web analytics

Notes on Moscow City Day

I’ve spent an entire day in Moscow city center. I’m sitting in Nikitsky Boulevard, blogging and noticing people walking past. Tomorrow is expected to be overcast but today there were many sunny spells. It was very warm, and is only just beginning to get chilly as the sunset approaches.

Although there are no major celebrations this year due to the pandemic, people went to the city centre to enjoy the good weather and some outdoor events. I mentioned the Soviet photography exhibition, which starts a dozen of meters away from my bench. Another set of events, Flower Jam, apparently lasts until October: there are different flowery displays scattered across the city, starting with Apothecary Garden.

People do wear masks in shops, museums, and on the public transport. Yet in the streets one only remembers about the coronavirus when a mask hanging under someone’s chin pops in the view.

Overall, the weather is almost spring-like, and it feels like there has never been any pandemic…

My Julia Lambert Moment

At the end of Maugham’s novel Theatre Julia Lambert dines on steak and chips. She savours life and art and reflects on her role as an artist.

I love the novel and Julia’s character. Now and again I also wish I could be “normal”; then I remember how many people want to have at least one ability to do something creative, and I withdraw to “my room”.

But every time I want to reflect on something, to assess my progress, to ponder things, and especially to practice gratitude and feel proud and happy for myself —

I go to my local cafe and buy myself some chips. If the weather is good, I go outside, perhaps to the pond; if not, I stay in the cafe, observing people and feeling myself on top of the world.

Or, instead of chips I buy some ice cream. Today I had both, but I only took a photo of the magnificent, glorious maple tree at my local park.

And what do you do on such occasions?

A Room of One’s Own

My room is not quite what you see in the photo, although, as I’m writing this post in bed, I’m lying next to tall bookcases. But it is definitely a dream: to have a study and a library, with an impressive desk, a comfortable armchair, and a windowsill-turned-bed where I could have a nook and a nap.

The time I spent away from my blog was rather productive. I won a translation contest, finished another book, wrote content for several sites, contributed articles on education, translated a couple of books, and still managed to get some sleep! Sadly, my oldest dog died at the beginning of September.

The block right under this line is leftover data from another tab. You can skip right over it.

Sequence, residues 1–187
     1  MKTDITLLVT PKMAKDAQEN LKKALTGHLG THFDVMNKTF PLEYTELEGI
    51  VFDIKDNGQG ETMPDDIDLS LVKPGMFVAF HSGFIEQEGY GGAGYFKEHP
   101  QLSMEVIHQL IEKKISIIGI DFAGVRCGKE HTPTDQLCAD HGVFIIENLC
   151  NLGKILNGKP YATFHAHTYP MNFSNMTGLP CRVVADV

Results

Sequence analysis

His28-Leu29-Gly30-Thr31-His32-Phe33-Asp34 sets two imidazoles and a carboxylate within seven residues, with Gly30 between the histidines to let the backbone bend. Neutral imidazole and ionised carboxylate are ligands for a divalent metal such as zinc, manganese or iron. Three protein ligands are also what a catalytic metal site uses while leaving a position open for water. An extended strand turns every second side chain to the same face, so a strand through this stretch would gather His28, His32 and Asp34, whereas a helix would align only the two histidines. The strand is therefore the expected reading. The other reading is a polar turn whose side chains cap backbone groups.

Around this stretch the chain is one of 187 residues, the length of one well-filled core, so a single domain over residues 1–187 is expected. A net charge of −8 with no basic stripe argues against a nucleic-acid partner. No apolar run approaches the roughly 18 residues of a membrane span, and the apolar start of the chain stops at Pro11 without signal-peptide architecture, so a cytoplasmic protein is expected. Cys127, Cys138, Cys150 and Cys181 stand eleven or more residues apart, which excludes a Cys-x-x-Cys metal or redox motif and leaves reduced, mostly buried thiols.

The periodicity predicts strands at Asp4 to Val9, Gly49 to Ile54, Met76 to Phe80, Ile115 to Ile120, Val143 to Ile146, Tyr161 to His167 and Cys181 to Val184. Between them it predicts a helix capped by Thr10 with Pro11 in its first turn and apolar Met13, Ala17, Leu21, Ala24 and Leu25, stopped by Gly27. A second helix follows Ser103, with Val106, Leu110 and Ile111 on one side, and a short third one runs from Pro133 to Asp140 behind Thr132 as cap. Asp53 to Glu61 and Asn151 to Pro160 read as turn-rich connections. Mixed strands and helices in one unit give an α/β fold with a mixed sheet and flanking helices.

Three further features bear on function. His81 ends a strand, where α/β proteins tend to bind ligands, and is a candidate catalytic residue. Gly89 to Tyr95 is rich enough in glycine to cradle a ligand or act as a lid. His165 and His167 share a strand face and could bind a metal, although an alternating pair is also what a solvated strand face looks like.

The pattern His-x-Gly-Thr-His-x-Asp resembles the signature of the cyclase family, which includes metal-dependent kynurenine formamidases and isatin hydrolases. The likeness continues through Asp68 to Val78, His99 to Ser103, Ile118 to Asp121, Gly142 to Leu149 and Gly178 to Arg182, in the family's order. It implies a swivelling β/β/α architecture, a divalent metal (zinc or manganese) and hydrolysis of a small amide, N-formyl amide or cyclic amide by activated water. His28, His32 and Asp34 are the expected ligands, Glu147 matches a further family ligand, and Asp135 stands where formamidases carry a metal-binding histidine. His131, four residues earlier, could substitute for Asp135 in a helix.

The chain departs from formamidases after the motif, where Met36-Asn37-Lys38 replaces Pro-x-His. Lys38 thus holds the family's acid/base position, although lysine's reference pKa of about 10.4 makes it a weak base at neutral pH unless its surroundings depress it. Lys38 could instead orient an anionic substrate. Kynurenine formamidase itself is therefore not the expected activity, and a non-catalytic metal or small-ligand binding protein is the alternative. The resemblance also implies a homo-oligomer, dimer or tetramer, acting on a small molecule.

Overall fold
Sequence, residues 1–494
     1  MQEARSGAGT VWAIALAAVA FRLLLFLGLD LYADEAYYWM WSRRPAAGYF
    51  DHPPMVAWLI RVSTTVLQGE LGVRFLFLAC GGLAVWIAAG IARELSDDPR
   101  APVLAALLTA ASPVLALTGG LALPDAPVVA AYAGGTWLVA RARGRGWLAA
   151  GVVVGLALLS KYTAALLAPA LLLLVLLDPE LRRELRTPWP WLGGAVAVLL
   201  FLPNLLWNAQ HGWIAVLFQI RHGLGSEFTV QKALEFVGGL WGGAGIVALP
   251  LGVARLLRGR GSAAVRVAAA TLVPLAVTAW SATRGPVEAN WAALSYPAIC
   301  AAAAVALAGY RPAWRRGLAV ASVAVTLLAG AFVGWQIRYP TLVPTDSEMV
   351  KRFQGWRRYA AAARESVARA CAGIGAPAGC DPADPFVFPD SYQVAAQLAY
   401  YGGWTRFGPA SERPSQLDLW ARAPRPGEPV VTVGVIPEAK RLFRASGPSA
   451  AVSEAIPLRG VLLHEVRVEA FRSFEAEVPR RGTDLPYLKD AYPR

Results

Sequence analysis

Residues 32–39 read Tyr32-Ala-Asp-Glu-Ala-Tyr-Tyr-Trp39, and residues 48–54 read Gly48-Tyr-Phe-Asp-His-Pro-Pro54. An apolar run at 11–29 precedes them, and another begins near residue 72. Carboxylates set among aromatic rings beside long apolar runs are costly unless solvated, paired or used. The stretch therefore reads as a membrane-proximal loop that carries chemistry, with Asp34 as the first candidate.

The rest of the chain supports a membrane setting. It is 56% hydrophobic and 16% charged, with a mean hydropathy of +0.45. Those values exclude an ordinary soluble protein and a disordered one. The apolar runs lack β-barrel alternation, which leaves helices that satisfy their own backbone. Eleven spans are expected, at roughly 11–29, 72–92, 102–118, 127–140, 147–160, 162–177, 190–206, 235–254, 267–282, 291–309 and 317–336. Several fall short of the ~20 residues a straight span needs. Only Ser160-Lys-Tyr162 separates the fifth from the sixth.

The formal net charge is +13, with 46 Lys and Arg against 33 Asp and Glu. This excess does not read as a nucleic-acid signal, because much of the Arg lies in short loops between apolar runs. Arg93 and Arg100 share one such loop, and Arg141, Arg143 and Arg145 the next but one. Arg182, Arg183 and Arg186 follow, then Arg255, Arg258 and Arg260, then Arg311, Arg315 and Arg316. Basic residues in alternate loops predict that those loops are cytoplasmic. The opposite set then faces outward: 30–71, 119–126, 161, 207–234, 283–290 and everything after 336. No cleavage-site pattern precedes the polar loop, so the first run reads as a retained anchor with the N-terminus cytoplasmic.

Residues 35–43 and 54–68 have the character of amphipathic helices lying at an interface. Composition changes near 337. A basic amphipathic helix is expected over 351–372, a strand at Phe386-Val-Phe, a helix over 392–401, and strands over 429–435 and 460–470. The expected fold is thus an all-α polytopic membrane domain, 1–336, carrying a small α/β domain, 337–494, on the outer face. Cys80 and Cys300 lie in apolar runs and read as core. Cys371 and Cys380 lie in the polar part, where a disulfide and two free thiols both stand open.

I also travelled to New Jerusalem monastery not far from Moscow, and I’ve got other trips planned. I plan to share photos of them soon.

I also found out that some people really care when we disappear from the view. Given the situation with the pandemic, this is understandable. So I am grateful to everyone who inquired about my whereabouts. I am, as the photo suggests, at home, doing rather well.

On Becoming a Teacher

Autumn in Moscow

The school year is about to start. In Moscow, several schools located near the Grand Mosque will be closed this Friday, September 1st, because of a Muslim festival. As for me, I can’t wait to see my English and French students again. There’s so much to do this year!

I qualified as an historian and a History teacher 15 years ago, upon graduating from the MSU. Some of my unimates immediately went on to teach, and a few have shown spectacular results as tutors. My English friend Ian who I worked with at the BBC in Manchester asked me once if I thought about teaching. He was sure I would make a great teacher. I disagreed. At the time I was all about Journalism and Literature, but that wasn’t the reason why I refuted the idea then. I was convinced that my task as a teacher had to go beyond explaining the theory and giving a bit of practice. I didn’t feel I was ready to share the lessons of life or profession.

When I started teaching in 2013 (and at first I did teach History – in English!) it was a completely different thing. I work privately, both with small groups and individual students, which allows to provide attention to every single person. You see, it was never enough for me to just share my erudition. I have always thought of a teacher as a role model, and by 2013 I had felt ready to serve as one. Today it’s hugely pleasing to hear the students want to be like me, to know the languages like me, etc. However, this also increases my responsibility, and we thus depend on each other. We grow together. I suppose, if anyone manages to forge this kind of relationship with their students, he or she creates endless opportunities for both professional and personal growth.

With each passing year, though, the students become older, and eventually they leave. I have got a few school graduates this year, so I really hope I will be able to teach them something valuable (that is, apart from English!). It will be sad to see them go, but this is life. We have to let go of something to have the new doors open.

Ralph W. Emerson said that a teacher is someone who is capable of making difficult things easy. While I entirely agree with him, this isn’t about an actual subject of teaching. Students, both young and old, will always ask questions about life; or perhaps a question about learning will be, in fact, a life question. Today I know that I wasn’t ready to teach in 2006 because I hadn’t yet figured out how to make complex things in life easy. Now I do; that’s why I teach.

error: Sorry, no copying !!